Some of the discussion seems to indicate some moves in the direction of a little more openness to blogs and the social media as a means of engagement more generally. But some of the comments, I would suggest, indicate a continuing ambivalence to the modes of discourse embedded in the social media today.
In particular, a reluctance to adopt the dialectical mode favoured by the new media that tests propositions through debate.
Read the blogs?
Over at Cath News for example, Ms Hogan reports that Monsignor Tighe encouraged participants to read widely, even (perhaps especially) of those critical of you:
"A little further down the track, Mons Tighe told the Congress on Tuesday: “We can use new media to learn about the people we are trying to engage with. Without having to respond formally to their questions [why not?] - read the blogs, read the people you don't like, read the people who are criticising you.”
Let's take his second point first, read the blogs.
Personally, I do regularly peruse (when I'm feeling strong) the views of those I strongly disagree with and consider to be on the fringes of the faith or outside it, such as Catholica Forum, V2Catholic, Cath News and Eureka Street.
But like Ms Hogan (and I imagine many others) this can often be a fairly challenging task:
"Read the blogs! Sometimes it is extremely difficult to read the spin put on even the most anodyne blogs by people with a ferociously held and determinedly expressed agendas from the deep fringes of the Church’s extreme wings."
Where the centre is: orthodoxy
The first issue for me at least however is that criticism of one's (actual) views is one thing, promotion of outright heresy is another.
I rather think Ms Hogan and I would differ rather strongly on exactly what constitutes the 'deep fringes of the Church's extreme wings'.
In my view, what makes one's views fringe or extreme is not how many people in any particular time and place happen to agree with you, but where you stand in relation to the timeless teaching of the Magisterium.
The liberals may have control of most dioceses and their catholic media outlets at the moment, but like past such periods, this too will pass!
My personal view is that unless you have a very strong grounding in the Catechism of the Catholic Church and theology more generally, you should stick to blogs and other news sources that are at the heart of the Church, that is, that respect and promote its teachings, rather than subjecting yourself to those sources seeking to undermine the faith, directly or indirectly.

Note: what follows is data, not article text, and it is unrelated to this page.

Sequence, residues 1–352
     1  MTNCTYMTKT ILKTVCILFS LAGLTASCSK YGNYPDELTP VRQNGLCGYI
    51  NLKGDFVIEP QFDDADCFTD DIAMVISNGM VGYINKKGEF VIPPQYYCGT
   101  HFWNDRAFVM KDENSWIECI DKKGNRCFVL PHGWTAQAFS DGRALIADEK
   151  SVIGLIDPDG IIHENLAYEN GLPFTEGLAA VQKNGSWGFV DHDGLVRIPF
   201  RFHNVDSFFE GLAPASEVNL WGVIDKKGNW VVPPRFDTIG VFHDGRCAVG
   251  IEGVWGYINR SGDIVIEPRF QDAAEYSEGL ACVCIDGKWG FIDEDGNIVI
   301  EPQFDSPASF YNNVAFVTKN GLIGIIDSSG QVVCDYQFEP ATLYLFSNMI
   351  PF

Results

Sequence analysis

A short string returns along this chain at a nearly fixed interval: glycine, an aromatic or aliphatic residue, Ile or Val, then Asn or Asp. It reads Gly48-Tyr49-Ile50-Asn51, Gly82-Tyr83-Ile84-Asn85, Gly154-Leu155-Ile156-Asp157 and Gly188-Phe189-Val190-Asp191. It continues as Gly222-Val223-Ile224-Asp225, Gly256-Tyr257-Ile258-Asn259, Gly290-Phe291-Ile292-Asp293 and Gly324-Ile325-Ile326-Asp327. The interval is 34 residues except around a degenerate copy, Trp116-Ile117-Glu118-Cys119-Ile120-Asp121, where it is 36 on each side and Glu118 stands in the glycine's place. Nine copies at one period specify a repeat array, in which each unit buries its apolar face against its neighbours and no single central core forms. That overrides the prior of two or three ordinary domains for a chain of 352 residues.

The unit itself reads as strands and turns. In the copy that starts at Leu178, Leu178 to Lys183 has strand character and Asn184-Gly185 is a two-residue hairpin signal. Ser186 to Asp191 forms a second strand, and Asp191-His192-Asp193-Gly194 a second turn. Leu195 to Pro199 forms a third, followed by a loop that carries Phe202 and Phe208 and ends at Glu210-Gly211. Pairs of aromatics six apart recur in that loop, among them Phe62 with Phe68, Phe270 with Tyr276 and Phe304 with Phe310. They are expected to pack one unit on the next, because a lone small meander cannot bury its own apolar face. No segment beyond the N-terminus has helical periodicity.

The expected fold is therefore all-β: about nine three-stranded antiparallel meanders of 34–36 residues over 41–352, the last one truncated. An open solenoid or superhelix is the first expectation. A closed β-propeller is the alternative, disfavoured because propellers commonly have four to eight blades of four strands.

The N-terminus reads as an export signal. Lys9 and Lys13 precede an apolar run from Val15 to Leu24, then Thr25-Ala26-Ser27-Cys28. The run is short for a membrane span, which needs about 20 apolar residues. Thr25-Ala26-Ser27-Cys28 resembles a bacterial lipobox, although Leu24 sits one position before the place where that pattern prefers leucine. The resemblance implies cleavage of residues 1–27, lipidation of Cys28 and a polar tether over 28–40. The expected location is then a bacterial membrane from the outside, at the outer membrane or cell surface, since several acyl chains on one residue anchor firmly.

Or if necessary, use the orthodox sources to help you interpret what is coming at you from elsewhere!
Read orthodox blogs of the kind highlighted in The Pulp.It and New Advent (see the right sidebar). Yes, they are often highly selective (you won't find my critiques of conservative American takes on social policy being picked up over there!). But they will quickly lead you into the debate.
Look to news aggregation services that feed your faith rather than attempt to subvert it such as the Vatican, Pewsitter and the Life Site.
And read Catholic newspapers committed to the promotion of the faith, such as the excellent UK Herald.
Then set all of that context against what you are being fed from the more dubious sources!
Dialogue vs dialectic
The other part of Monsignor Tighe's comment though, that one doesn't need to respond to what is being said, I do take rather stronger issue with.
Part of the problem I suspect, for the generation whose world views was shaped by the revolution of the 1960s and 1970s is their commitment to the idea of 'dialogue'.
Dialogue in this context is a code word for tolerance of other views of the world, and the attempt to find good in the other. And in a world where Catholicism was well-entrenched and most people absorbed their faith by immersion in it, it must have seemed a reasonably safe approach to try. But in practice it tends to conflate the idea of respect of the other with a relativism that makes all religions and beliefs equal.
The insistence on dialogue was a reaction to what was seen as an undue insistence on the Church's monopoly as the custodian of truth. The theory behind it, I think, was well-meaning: it reflected an assumption that hardline positions were offputting. It is an assumption, though, which in my view has not stood up to empirical testing: 'hardline' religions such as Islam are growing rapidly; Western catholicism with its addiction to dialogue instead of dialectical engagement is collapsing!
Monsignor Tighe's piece draws attention to the Pope's insistence on the absolute nature of truth and rejection of relativism. Yet Monsignor Tighe's piece over at the ABC still reveals something of this ambivalence in his comments on blogs: